In one embodiment, the outer conduit 526 may include an entry guide 594 formed around the perimeter of the lateral hole 590 of the outer conduit 526. In the non-limiting example of FIGS. 5A and 5B, the entry guide 594 is a hollow cylinder sized to receive the pin 586. In another embodiment, the entry guide 594 may be funnel-shaped. The entry guide 594 may guide the pin 586 into the lateral hole 590 when the electrical actuator 540 moves the pin 586 into the locked position.

Referring to FIG. 6, an illustrative embodiment of a switch 694 that may be coupled, electrically or mechanically, to the electrical actuator is movable into a first position 695 and a second position 696. In one embodiment, when the switch 694 is moved to the first position 695, the electrical actuator draws upon the power source, such as the power source 128 shown in FIG. 1A, to move a component of the securing mechanism to the locked position (e.g., a latch, a pin, etc.). When the switch 694 is moved into the second position 696, the electrical actuator may be caused to move the component (e.g., a latch, a pin, etc.) to the unlocked position.

As described above, the switch 694 may be located anywhere on the vehicle 102 or the bottom dump trailer 100 shown in FIGS. 1A and 1B. In one example, the switch 694 may be included in the vehicle cabin 130 of the vehicle 102 shown in FIG. 1A to conveniently allow a person in the vehicle cabin 130 to lock and unlock the securing mechanism. In another embodiment, the switch 694 may be located on an area of a vehicle or bottom dump trailer other than the vehicle cabin. In one embodiment, the switch 694 may be portable with a driver or user, such as on the driver's keychain, and may also wirelessly communicate with the electrical actuator.

Referring to FIG. 7, an illustrative embodiment of a process for locking a bottom dump trailer using a securing mechanism includes determining whether the gate is closed (step 701). If the process determines that the gate is closed, the process proceeds to step 705. Returning to step 701, if the process determines that the gate is not closed, then the gate may be closed (step 703).

It may be determined whether the gate is to be locked (step 705). If not, the process may repeat step 705 at some later time or simply end. If it is determined that the gate is to be locked, the user may select a switch to engage the electrical actuator (step 707). The electrical actuator may then engage the securing mechanism to lock the gate (step 709).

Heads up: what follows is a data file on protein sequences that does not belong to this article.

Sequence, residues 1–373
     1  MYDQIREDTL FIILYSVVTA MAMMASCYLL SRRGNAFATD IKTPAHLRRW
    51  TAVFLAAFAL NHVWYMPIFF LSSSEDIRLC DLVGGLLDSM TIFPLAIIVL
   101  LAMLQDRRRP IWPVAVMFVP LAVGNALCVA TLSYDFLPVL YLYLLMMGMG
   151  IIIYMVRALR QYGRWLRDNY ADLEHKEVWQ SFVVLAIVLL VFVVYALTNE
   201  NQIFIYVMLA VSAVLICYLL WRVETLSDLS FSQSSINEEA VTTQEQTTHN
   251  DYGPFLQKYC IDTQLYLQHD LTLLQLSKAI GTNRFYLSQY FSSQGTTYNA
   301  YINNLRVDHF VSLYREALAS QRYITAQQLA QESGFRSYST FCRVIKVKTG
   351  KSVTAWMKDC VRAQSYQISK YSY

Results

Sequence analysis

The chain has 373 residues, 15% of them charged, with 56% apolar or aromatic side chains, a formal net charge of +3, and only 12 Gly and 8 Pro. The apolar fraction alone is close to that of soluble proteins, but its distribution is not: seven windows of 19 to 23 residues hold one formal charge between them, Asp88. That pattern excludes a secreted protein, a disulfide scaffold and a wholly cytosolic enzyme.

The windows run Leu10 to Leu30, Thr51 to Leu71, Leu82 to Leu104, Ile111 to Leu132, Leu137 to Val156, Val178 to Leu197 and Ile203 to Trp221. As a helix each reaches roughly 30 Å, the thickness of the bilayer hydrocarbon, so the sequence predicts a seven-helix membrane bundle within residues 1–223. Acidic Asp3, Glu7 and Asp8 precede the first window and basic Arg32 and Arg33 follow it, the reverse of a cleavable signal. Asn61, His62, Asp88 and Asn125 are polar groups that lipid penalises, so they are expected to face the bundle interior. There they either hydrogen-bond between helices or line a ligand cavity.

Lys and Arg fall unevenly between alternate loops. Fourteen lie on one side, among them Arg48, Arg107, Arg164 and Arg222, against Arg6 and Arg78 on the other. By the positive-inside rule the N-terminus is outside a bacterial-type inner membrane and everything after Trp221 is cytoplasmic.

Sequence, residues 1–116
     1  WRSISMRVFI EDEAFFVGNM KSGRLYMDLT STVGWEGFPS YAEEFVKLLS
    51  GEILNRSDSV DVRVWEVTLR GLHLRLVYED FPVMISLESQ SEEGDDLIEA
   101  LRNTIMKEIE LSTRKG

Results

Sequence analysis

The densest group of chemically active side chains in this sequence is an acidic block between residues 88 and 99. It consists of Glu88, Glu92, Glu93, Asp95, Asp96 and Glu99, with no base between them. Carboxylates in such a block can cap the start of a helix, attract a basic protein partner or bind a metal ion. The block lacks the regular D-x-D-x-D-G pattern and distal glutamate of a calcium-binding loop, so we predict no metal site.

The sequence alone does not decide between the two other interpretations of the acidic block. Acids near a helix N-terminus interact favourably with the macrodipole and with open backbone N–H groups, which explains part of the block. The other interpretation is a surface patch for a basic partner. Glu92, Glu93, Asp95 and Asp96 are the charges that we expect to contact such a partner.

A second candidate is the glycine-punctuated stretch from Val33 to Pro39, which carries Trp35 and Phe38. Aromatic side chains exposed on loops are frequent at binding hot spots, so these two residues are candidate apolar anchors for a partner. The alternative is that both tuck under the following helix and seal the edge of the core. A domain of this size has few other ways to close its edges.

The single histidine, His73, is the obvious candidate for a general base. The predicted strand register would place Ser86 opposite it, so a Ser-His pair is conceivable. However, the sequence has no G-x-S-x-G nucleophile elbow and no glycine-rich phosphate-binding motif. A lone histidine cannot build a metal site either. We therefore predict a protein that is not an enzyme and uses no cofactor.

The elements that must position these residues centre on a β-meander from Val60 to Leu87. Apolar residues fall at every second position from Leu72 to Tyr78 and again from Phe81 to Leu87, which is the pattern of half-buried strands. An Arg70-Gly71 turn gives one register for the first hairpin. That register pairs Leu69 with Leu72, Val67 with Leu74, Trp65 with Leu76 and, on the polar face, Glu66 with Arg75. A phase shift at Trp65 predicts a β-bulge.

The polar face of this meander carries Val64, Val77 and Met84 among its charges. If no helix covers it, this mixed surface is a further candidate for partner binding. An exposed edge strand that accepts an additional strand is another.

It may then be determined whether the gate is to be unlocked (step 711). If not, step 711 may be repeated at some later time or the process may simply end. If it is determined that the gate is to be unlocked, the user may select a switch to disengage the electrical actuator (step 713). The electrical actuator may then disengage the securing mechanism to unlock the gate (step 715). The gate may then be opened.

The flowcharts and block diagrams in the different depicted embodiments illustrate the architecture, functionality, and operation of some possible implementations of apparatus, methods and computer program products. In this regard, each block in the flowchart or block diagrams may represent a module, segment, or portion of code, which comprises one or more executable instructions for implementing the specified function or functions. In some alternative implementations, the function or functions noted in the block may occur out of the order noted in the Figures. For example, in some cases, two blocks shown in succession may be executed substantially concurrently, or the blocks may sometimes be executed in the reverse order, depending upon the functionality involved.

As used herein, including in the claims, the terms first, second, third, etc. . . . used in relation to an element (e.g., first door, second door, etc.) are for reference or identification purposes only, and these terms, unless otherwise indicated, are not intended to describe or suggest a number, order, source, purpose, or substantive quality for any element for which such a term is used.

Although the illustrative embodiments described herein have been disclosed in the context of certain illustrative, non-limiting embodiments, it should be understood that various changes, substitutions, permutations, and alterations can be made without departing from the scope of the invention as defined by the appended claims. It will be appreciated that any feature that is described in a connection to any one embodiment may also be applicable to any other embodiment.

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Referenced by
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Classifications
U.S. Classification298/29
International ClassificationB60P1/56
Cooperative ClassificationB60P1/56
European ClassificationB60P1/56